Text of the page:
Before I evangelize the merits of programme management I want to clarify what a programme is and what a project is. This might seem a liitle trivial but I’ve seen these two words used so interchangably across many organisations in many countries with people calling a project a programme and vice versa.
A programmeis a temporary and flexible organisation which is formed to coordinate, direct and oversee the implementation of a set of related projects and activities in order to deliver outcomes and benefits related to the organisation’s strategic objectives.
A projectis also a temporary organisation which will deliver one or more outputs in accordance with a specific business case.
Programmes create outcomes and projects create outputs, and programme management does not replace the need for competent project management. A programme acts as an umbrella under which projects can be coordinated and integrated in order to deliver an outcome which is the sum of the projects’ parts.
With that out of the way, the Office of Government Commerce (OGC) has a framework known as ‘Managing Successful Programmes’ (MSP). This framework provides proven programme management best practice for successfully delivering transformational change.
Organisations that have embraced MSP have enjoyed the benefits of transforming themselves successfully as opposed to being amongst the many that suffer painful or disasterous transformation.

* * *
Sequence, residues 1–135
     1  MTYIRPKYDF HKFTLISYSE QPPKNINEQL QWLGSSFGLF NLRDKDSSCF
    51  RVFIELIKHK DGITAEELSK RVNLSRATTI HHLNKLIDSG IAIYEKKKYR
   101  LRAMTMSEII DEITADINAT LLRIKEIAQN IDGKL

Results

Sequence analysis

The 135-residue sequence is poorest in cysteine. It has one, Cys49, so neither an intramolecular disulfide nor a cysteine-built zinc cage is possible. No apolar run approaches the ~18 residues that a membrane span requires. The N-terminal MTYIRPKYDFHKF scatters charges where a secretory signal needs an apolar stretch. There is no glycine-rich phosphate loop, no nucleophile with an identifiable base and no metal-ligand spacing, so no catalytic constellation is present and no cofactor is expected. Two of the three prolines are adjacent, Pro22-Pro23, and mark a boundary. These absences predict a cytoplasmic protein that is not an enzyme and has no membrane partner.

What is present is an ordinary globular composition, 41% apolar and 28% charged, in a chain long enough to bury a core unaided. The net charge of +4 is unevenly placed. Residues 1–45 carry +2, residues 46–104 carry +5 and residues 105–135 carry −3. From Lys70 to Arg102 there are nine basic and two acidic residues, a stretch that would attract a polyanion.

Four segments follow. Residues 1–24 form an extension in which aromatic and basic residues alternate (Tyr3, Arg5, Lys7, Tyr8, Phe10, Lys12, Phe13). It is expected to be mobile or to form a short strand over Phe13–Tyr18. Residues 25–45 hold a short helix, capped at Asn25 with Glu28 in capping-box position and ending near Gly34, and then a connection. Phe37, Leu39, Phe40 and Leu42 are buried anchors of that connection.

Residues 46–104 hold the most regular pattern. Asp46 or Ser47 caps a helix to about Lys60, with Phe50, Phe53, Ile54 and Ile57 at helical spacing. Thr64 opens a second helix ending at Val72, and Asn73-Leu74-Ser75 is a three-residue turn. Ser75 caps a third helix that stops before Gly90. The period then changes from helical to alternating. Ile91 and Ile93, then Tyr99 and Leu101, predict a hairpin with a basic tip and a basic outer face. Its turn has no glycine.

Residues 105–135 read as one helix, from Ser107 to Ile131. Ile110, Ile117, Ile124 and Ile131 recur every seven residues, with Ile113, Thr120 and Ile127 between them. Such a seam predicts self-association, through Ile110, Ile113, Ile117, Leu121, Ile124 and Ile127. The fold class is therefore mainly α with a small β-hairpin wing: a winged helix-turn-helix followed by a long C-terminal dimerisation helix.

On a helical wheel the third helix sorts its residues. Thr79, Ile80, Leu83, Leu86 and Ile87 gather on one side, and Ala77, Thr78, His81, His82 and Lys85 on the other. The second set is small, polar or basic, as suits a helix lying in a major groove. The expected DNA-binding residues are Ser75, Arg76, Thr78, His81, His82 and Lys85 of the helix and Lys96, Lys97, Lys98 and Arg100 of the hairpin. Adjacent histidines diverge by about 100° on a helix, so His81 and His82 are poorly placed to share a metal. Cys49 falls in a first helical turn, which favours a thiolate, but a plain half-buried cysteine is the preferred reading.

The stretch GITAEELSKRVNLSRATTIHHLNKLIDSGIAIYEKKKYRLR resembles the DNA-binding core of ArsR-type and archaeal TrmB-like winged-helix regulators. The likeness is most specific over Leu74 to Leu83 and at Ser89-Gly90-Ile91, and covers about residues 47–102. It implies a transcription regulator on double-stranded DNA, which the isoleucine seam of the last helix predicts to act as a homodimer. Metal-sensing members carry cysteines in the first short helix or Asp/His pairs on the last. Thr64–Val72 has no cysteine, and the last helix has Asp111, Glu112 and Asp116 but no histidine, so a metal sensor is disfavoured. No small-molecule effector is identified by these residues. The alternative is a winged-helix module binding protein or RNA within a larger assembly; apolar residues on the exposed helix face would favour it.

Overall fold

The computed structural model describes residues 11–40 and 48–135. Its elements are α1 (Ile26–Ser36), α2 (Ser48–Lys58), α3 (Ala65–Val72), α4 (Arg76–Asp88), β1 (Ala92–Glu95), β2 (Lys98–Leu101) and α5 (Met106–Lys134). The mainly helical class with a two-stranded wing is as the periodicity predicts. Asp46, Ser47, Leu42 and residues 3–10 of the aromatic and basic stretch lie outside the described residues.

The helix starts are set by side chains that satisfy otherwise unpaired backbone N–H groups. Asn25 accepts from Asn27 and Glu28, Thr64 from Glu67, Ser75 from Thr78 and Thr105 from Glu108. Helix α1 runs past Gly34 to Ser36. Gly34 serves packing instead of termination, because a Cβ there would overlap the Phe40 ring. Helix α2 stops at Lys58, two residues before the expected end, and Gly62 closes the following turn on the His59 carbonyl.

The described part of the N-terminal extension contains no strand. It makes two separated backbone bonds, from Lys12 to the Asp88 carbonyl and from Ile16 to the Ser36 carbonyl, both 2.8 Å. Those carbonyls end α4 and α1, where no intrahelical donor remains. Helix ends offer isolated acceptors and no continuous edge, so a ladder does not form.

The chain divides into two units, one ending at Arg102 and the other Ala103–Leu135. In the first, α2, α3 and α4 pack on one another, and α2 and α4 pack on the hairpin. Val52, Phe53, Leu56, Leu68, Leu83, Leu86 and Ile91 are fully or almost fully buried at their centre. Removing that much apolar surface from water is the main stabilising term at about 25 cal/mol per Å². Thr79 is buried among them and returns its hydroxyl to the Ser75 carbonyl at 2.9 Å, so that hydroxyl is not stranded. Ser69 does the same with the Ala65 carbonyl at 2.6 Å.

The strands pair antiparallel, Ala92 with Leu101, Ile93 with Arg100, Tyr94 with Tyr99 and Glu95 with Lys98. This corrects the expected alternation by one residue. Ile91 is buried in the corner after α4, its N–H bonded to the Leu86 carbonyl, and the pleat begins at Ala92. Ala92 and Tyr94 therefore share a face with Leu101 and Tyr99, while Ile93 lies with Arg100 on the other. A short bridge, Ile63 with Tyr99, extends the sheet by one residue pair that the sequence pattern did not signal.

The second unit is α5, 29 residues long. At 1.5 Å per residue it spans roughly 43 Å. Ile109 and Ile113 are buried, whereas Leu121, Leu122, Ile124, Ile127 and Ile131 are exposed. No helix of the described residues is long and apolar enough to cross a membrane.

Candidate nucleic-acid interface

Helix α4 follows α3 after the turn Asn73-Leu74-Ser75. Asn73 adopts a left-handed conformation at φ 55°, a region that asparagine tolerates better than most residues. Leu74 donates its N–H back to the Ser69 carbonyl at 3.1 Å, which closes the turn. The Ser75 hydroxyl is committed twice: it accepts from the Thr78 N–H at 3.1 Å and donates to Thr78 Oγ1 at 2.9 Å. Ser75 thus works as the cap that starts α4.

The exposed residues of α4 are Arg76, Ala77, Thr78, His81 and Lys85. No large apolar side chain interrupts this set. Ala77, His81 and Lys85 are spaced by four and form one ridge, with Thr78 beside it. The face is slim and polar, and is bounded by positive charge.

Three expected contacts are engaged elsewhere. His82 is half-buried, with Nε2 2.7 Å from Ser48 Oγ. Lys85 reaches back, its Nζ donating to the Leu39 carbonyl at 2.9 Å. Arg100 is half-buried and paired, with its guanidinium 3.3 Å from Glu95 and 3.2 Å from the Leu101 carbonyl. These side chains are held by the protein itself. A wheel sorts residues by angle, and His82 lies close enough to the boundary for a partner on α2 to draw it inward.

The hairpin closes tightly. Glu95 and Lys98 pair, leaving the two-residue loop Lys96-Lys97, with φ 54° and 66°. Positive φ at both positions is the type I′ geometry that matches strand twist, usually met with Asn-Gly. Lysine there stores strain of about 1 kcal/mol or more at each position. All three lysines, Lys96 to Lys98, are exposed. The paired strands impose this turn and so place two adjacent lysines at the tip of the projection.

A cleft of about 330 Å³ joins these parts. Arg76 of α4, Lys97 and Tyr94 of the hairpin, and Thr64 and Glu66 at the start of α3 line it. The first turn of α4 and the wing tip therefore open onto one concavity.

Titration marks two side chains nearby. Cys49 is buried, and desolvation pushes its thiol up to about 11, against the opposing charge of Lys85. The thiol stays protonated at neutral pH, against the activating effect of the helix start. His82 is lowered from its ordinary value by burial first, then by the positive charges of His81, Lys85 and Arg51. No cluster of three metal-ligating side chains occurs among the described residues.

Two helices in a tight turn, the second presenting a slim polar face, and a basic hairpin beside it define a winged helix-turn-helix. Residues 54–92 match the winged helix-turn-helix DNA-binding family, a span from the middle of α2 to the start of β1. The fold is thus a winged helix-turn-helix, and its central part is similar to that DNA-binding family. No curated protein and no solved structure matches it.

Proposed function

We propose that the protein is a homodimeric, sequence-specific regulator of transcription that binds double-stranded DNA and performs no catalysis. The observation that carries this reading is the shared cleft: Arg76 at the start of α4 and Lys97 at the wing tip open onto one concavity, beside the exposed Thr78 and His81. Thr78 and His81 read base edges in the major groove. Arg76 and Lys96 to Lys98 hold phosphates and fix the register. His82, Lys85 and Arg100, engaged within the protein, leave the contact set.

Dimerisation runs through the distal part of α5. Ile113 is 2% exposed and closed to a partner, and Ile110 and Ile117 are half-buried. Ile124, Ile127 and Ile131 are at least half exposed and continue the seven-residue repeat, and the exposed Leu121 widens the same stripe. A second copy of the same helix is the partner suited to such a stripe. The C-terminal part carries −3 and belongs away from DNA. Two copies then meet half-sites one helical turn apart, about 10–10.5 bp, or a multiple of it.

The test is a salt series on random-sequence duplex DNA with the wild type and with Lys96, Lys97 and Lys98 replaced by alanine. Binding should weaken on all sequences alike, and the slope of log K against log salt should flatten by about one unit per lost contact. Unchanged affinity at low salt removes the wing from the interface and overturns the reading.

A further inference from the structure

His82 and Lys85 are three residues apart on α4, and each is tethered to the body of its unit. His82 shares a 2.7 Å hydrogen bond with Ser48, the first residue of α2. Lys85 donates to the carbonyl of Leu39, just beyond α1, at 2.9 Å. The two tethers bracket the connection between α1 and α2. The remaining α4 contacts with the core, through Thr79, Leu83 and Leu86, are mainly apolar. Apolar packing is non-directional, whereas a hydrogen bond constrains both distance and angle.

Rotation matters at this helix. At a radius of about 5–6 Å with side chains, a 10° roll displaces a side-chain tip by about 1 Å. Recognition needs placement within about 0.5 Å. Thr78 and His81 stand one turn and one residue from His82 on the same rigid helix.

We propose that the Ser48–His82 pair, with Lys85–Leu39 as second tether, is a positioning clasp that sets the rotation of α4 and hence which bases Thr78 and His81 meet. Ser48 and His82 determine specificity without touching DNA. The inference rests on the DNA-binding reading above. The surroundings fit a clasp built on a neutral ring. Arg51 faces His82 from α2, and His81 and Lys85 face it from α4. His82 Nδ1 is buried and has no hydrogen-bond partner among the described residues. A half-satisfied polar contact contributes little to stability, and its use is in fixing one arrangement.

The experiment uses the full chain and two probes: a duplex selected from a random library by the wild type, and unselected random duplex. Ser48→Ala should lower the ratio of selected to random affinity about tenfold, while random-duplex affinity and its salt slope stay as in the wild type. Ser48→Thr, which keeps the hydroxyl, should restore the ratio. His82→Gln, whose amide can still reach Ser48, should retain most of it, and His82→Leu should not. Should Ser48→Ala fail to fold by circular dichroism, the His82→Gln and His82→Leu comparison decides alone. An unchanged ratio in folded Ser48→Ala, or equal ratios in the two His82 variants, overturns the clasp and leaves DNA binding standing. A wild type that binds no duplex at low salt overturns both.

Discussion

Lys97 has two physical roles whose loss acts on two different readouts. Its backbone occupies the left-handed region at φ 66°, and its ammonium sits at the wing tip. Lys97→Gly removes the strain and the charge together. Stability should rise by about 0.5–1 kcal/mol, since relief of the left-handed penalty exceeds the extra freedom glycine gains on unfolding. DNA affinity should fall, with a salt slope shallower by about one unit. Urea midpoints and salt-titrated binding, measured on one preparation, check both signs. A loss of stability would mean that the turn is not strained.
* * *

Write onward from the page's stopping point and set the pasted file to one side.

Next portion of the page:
These days, more and more C-level executives are recognising programme management as a powerful tool, which when used well, can facilitate ‘successful’ transformation programmes as opposed to ugly monsters that get out of control and wreak havoc.
At the highest level, programme management aligns corporate strategy, business-as-usual and the delivery mechanism for change. These are three critical elements which must align if transformation is to be successful.
MSP principles represent success factors that underpin the likelihood of successful transformational change programmes. These seven principles have been derived from lessons learned in both the public and private sectors.
Positioned within the seven principles are nine governance themes which help put in place the right leadership, delivery team, organisation structures, controls and control information to optimise the likelihood of delievering the planned outcomes and benefits.
Then finally comes the transformational flow which provides a path through the programme lifecycle from conception to closure.
If you’re still asking ‘why should I use programme management?’ consider the fact that most organisations are likely to fail to deliver change successfully if there is:
– insufficient board-level support
– weak leadership
– lack of stakeholder engagement
– a vague or no real picture of the future capability
– a poorly defined/communicated vision
– unrealistic expectations of the organisational capacity and capability
– insufficient focus on benefits
– little effort to change the organisation’s culture
MSP provides a structured framework that helps organsiations avoid these pitfalls and achieve their goals.